2011.07.07 Sampling an elevated state of networking
By COLLEEN LEDDY
I grew up in a five-story apartment building with no elevator. Consequently, I don’t have any innate rules of elevator etiquette ingrained in my brain.
Riding an elevator always entails a certain amount of awkwardness as you try not to look too closely at others or appear too standoffish. Depending on how many floors you’re traveling, there’s not a whole lot of time to engage in conversation—but then there’s that awkward silence if you don’t.
Elevator interactions were a big part of the American Library Association conference for me and Kym Ries when we were in New Orleans last week.
Kym and I were headed for dinner at The Gumbo Shop when we stepped into the elevator our second evening. A few floors down a beautiful young African American woman wearing a strikingly beautiful white blouse got on. There were one or two other women on the elevator and we all remarked on the blouse’s beauty.
The other women, however, didn’t end up in a cab with the White Bloused Woman bound for an ALA-sponsored multi-cultural meeting at the Hilton Riverside. I’m not entirely sure how, but Kym and I did.
I think it was food. The prospect of good free food—multi-cultural free food, no less—was strong so we threw caution to the wind and hopped in a cab with Alys, the White Bloused Woman.
It wasn’t just the promise of free food, of course. In trying to convince us we should join her at the Hilton event, Alys had pointed out that networking and meeting new people was one of the purposes of the conference.
When we finally arrived at the meeting room (with a bunch more women in tow...Alys was a little like the Pied Piper) it was clear it was about the food—or lack thereof.
Kym and I immediately zeroed in on the sectioned dish of potato chips, pretzels, corn chips and popcorn at the first table we spied, while Alys checked in and asked where the food table was.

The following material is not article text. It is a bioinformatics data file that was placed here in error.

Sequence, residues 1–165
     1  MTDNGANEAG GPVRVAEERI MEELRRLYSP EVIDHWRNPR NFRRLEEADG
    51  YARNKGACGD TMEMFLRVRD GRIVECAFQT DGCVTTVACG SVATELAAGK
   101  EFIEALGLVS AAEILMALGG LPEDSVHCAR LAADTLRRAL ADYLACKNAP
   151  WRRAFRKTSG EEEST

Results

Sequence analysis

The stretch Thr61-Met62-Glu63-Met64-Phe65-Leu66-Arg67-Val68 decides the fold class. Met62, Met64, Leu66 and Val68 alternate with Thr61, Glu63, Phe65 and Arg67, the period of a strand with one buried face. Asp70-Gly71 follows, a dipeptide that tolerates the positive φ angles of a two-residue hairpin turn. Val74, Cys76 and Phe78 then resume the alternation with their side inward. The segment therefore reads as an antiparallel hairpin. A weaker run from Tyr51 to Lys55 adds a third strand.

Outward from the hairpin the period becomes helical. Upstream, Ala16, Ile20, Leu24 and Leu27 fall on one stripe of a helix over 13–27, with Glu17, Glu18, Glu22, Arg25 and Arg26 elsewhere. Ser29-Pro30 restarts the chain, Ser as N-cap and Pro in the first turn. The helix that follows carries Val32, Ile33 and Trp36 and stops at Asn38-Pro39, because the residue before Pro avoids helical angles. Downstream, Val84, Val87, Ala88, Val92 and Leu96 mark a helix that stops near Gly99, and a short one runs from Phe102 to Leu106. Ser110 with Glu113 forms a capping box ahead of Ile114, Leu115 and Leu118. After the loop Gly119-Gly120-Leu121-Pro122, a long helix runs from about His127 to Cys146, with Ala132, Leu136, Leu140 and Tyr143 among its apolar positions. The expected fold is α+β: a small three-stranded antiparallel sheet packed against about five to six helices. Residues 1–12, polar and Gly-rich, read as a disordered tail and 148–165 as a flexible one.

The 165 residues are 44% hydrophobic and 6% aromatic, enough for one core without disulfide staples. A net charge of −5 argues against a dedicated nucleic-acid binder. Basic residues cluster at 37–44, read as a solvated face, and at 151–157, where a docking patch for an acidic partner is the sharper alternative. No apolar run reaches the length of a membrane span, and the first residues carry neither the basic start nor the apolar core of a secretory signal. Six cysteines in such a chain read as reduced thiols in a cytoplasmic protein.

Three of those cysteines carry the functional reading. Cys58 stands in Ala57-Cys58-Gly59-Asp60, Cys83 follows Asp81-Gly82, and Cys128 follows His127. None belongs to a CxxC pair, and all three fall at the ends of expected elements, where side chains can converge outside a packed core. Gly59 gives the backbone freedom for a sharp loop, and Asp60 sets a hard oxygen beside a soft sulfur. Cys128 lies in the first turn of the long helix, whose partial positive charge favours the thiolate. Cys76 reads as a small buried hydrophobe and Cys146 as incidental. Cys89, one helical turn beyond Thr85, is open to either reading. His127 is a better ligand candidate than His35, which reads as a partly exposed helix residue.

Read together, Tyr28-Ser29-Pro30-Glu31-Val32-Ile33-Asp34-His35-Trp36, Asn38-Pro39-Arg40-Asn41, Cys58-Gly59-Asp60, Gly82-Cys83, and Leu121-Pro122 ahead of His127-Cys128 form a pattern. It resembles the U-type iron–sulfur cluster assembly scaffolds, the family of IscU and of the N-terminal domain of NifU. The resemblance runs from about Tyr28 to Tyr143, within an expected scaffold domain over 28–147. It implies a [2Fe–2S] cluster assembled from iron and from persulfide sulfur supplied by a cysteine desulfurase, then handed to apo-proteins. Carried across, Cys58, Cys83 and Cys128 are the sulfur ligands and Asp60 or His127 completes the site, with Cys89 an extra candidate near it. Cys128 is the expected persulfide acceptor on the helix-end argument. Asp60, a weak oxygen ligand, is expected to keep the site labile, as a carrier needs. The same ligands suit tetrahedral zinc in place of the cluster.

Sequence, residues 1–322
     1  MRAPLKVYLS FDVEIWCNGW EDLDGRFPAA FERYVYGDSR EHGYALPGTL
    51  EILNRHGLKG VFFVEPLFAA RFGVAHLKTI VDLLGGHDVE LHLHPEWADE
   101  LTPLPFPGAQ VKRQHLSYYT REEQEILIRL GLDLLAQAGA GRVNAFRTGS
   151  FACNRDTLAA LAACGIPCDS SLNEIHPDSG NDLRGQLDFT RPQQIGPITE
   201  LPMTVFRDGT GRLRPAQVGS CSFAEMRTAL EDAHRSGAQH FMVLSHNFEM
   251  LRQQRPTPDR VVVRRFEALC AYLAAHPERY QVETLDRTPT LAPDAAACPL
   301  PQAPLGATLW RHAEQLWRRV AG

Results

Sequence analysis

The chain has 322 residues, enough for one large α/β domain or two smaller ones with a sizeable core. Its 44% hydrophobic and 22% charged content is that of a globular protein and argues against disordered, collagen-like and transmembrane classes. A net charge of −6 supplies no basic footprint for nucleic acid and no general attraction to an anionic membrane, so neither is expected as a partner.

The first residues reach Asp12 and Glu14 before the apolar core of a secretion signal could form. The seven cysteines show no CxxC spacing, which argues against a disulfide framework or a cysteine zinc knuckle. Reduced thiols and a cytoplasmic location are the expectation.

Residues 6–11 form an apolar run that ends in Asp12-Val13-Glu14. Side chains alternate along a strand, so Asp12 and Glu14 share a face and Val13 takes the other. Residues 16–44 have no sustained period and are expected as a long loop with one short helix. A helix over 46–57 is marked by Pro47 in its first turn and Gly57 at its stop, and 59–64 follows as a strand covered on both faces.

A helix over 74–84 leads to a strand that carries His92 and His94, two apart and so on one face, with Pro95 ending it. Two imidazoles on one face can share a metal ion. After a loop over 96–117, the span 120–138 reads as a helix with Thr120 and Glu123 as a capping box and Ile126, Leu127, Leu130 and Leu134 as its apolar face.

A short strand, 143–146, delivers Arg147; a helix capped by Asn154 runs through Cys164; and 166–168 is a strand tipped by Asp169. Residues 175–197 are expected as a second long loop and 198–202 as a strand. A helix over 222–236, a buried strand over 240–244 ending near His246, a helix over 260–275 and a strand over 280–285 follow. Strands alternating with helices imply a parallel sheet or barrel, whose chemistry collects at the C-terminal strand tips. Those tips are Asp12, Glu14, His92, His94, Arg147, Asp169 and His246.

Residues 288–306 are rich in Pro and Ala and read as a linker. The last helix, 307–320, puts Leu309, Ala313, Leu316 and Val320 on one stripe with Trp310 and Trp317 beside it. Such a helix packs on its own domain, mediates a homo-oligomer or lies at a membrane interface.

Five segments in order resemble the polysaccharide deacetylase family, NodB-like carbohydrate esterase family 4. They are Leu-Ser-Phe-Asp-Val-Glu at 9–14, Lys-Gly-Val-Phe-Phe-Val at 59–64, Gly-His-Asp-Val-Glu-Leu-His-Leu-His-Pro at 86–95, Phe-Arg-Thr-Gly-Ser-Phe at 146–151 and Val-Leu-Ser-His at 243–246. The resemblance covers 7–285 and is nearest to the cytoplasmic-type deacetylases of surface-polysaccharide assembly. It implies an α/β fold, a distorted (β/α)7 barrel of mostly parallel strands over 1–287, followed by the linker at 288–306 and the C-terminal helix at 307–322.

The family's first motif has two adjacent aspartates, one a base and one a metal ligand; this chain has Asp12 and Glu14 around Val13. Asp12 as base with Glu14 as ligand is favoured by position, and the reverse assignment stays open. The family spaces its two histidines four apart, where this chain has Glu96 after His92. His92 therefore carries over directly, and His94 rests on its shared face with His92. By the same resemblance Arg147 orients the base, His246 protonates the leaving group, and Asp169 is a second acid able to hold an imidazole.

Imagine our disappointment when we learned the snack tables were it. Still, we cruised from table to table hoping against hope for something more substantial and tried to avoid the people selling raffle tickets for prizes we didn’t want.
When we informed Alys we were taking off in search of dinner, she was sincerely sorry about the lack of real food and insisted on coming with us. Off we went to The Gumbo Shop where we enjoyed an entertaining meal—capped by me spilling mashed potatoes and gravy—on her beautiful white blouse.
A couple days later as we were headed downstairs for breakfast, Kym remembered something she’d forgotten in the room just as the elevator arrived. It was the day of our presentation so I went ahead to breakfast. It made sense, we didn’t want to be late and I take longer to eat—especially since our hotel’s continental breakfast included some of the best pastries ever, gigantic bowls of fresh fruit—pineapple, raspberries, blueberries, blackberries, watermelon, oranges—and freshly squeezed orange juice plus cereals and bagels that I never even touched. Why eat bagels when delectable pastries are on the agenda?
Our hotel doesn’t normally offer free continental breakfast. It was a perk to make up for their three restaurants being unavailable through November due to remodeling. So, instead of just bellying up to the fruit bowls, we had to wait for a hostess to seat us at cloth-covered tables and a waitress to bring water and coffee.
There was another banquet room that had been set aside especially for those guests attending the ALA conference, but Kym had scoped it out the first morning and discovered the pickings were slimmer at that site. We just left off our name tags and turned our ALA tote bags around so we wouldn’t be easily identified at the better breakfast site.
Anyway, I was coasting down when the elevator stopped, and a young man walked on.
“How are you liking the conference?” he asked.
“How can you tell I’m attending the conference?” I asked. “I didn’t even put my name tag on!”
He pointed to the dead giveaway bright red ALA tote bag.
We chatted the rest of the ride and I expected him to head for the front door as I headed for the breakfast room. But he followed me—like a lost puppy, I thought—all the way to breakfast. Turns out he didn’t even know the hotel had set up a special ALA breakfast area; he’d been eating at the good spot all along too.
Inviting him to join us for breakfast seemed like the polite thing to do...even though I wasn’t sure if Kym would want to kill me. Kym was actually delighted and spent breakfast talking with Berend about some kind of Google presentation he would be doing.
Meanwhile, I gorged on those pastries—and concentrated on not spilling raspberries all over Berend’s shirt.
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